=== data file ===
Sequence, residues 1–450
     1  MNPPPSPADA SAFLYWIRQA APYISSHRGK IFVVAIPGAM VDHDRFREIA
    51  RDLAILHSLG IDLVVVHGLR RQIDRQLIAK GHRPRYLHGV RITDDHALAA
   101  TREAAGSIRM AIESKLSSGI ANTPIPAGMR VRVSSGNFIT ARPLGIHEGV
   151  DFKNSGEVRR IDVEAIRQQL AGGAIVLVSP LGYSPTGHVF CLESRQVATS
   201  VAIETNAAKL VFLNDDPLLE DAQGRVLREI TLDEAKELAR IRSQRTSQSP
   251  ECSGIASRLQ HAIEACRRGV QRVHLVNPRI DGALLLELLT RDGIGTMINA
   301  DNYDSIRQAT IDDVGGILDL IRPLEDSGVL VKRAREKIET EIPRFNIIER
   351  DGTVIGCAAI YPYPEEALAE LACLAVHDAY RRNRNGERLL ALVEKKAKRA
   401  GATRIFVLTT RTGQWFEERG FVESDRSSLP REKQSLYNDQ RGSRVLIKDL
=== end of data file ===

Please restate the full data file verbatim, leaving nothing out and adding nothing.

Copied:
Sequence, residues 1–450
     1  MNPPPSPADA SAFLYWIRQA APYISSHRGK IFVVAIPGAM VDHDRFREIA
    51  RDLAILHSLG IDLVVVHGLR RQIDRQLIAK GHRPRYLHGV RITDDHALAA
   101  TREAAGSIRM AIESKLSSGI ANTPIPAGMR VRVSSGNFIT ARPLGIHEGV
   151  DFKNSGEVRR IDVEAIRQQL AGGAIVLVSP LGYSPTGHVF CLESRQVATS
   201  VAIETNAAKL VFLNDDPLLE DAQGRVLREI TLDEAKELAR IRSQRTSQSP
   251  ECSGIASRLQ HAIEACRRGV QRVHLVNPRI DGALLLELLT RDGIGTMINA
   301  DNYDSIRQAT IDDVGGILDL IRPLEDSGVL VKRAREKIET EIPRFNIIER
   351  DGTVIGCAAI YPYPEEALAE LACLAVHDAY RRNRNGERLL ALVEKKAKRA
   401  GATRIFVLTT RTGQWFEERG FVESDRSSLP REKQSLYNDQ RGSRVLIKDL